Friday, July 2, 2010

Mastering the Science of Surfing

By Ben Remo
Science Museum of Virginia Intern
One of the coolest sports during the hot months of summer may look like nothing more than a balancing act. However, there is a lot more to surfing than just staying up. To surf is to master the waves and motion of the water. Here, we explain the science behind one of the most popular summer sports.
The first thing any good surfer must know is how waves are formed. As wind gushes over the surface of the water, friction causes the water to ripple. How big the ripples become is dependent on the strength of the wind, the distance the wind blows (also known as the fetch), and the length or duration of the gust. Waves are broken up into many parts, necessary knowledge for any good surfer. The crest is the very top of the wave while the trough makes up the valley in between two waves or the lowest point. Wavelength is the distance between two waves and wave height is the distance between a wave’s crest and trough.
Not all waves are good for surfing. It takes a little bit of science to make regular waves into surfer friendly ones. Surfers need waves that have a swell, or a smooth peak. These swells drag against the ocean floor, creating friction. This friction causes a wave to get taller and eventually break when they get close enough to shore. The best surfing waves are caused by a sand bank or reef on the ocean floor and by wind that blows from the beach out to the water. Winds that blow from the water to the beach cause choppy waves, the worst kind of waves for surfers.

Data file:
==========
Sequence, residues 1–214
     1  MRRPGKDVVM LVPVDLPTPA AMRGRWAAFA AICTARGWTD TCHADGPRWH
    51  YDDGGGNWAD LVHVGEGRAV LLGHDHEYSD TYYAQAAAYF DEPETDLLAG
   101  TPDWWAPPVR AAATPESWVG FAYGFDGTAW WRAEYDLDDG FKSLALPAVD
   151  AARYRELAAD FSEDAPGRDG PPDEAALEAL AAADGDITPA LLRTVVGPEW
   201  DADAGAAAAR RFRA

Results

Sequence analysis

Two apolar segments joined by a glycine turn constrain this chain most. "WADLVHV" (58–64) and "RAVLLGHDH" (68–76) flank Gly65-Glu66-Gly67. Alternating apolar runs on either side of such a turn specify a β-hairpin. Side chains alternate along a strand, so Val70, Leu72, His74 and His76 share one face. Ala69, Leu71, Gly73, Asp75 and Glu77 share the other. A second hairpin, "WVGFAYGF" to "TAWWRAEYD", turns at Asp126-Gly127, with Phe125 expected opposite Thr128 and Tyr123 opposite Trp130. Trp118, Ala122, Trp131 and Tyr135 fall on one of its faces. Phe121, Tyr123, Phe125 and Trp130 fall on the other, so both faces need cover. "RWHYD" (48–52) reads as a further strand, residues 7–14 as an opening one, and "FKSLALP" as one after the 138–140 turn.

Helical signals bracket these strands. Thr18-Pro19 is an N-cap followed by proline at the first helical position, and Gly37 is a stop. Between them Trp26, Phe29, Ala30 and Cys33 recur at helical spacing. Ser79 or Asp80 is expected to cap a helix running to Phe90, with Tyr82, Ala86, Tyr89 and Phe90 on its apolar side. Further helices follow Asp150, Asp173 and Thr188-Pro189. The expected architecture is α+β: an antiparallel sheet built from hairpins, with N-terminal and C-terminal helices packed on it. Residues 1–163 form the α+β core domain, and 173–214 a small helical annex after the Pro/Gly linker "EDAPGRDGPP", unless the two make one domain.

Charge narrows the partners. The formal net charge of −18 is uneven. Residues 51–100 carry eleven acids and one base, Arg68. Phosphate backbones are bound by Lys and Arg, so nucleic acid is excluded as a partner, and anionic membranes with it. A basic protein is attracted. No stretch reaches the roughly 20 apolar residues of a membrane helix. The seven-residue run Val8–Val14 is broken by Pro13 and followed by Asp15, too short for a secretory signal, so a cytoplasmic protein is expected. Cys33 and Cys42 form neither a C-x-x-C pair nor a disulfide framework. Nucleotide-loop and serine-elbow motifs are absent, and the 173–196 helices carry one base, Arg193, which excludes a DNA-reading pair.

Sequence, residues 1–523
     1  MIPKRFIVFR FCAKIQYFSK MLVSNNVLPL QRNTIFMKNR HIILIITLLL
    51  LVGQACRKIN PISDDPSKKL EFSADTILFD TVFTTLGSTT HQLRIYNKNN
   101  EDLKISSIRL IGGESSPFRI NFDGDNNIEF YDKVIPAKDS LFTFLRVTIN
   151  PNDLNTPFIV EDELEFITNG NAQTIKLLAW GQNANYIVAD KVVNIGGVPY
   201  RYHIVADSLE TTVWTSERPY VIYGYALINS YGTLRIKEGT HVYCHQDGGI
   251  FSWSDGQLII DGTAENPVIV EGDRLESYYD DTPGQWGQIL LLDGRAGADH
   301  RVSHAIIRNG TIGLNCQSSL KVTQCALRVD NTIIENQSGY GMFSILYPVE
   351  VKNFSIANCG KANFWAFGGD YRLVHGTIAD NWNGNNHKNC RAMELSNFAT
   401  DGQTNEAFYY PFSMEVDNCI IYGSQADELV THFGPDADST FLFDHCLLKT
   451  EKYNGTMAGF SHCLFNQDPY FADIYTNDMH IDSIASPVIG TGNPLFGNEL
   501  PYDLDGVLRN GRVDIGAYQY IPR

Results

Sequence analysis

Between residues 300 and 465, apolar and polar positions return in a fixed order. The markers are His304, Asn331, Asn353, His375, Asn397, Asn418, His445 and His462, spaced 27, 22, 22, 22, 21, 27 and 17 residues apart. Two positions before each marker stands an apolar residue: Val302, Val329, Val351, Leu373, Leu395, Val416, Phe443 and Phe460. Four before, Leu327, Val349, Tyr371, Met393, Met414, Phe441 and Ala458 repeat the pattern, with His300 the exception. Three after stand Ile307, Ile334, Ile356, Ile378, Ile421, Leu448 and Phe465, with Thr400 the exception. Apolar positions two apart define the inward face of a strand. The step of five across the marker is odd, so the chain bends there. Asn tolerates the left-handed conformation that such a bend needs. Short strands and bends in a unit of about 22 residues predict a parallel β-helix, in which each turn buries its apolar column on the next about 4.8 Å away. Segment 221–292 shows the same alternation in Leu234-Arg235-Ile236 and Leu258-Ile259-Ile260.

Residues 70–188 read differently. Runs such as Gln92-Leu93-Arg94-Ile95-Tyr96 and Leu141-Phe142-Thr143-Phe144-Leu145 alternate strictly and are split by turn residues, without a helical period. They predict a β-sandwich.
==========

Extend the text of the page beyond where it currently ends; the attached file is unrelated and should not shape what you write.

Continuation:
To catch a wave, the surfer must paddle to gain momentum, hopefully enough so that the wave accelerates him/her forward. Ideally, surfers should catch the waves just as they are breaking. At this point, the waves are at maximum velocity. To catch a wave, the surfer’s velocity and the wave’s velocity must be the same. When the board is being carried along by the wave, the surfer can stand up. Once the surfer has caught the wave, staying on the board becomes the problem.
Balance is the number one skill any good surfer can have. To stay up, one must find the center of gravity. On a surfboard, the center of gravity is usually towards the back. The surfer must straddle the center of gravity. It is important that the person’s weight be more towards the back or the front of the board will dip into the water and eventually flip. The surfer controls the motion and direction of the surfboard by shifting weight from one side to the other. The sport is both challenging and fun when done properly. We leave you with a couple of tips for safe surfing. First, never let the board get between you and an on coming wave. Always wear a leg rope connected to the board because a loose board is always dangerous. Wear something to protect your chest and stomach from board rashes. When you come up to the surface of the water, locate your board immediately. Always surf with a buddy or make sure somebody has your back. Lastly, have fun and be safe. Also, check out the film The Ultimate Wave Tahiti in the IMAX®Dome featuring professional surfer Kelly Slater.

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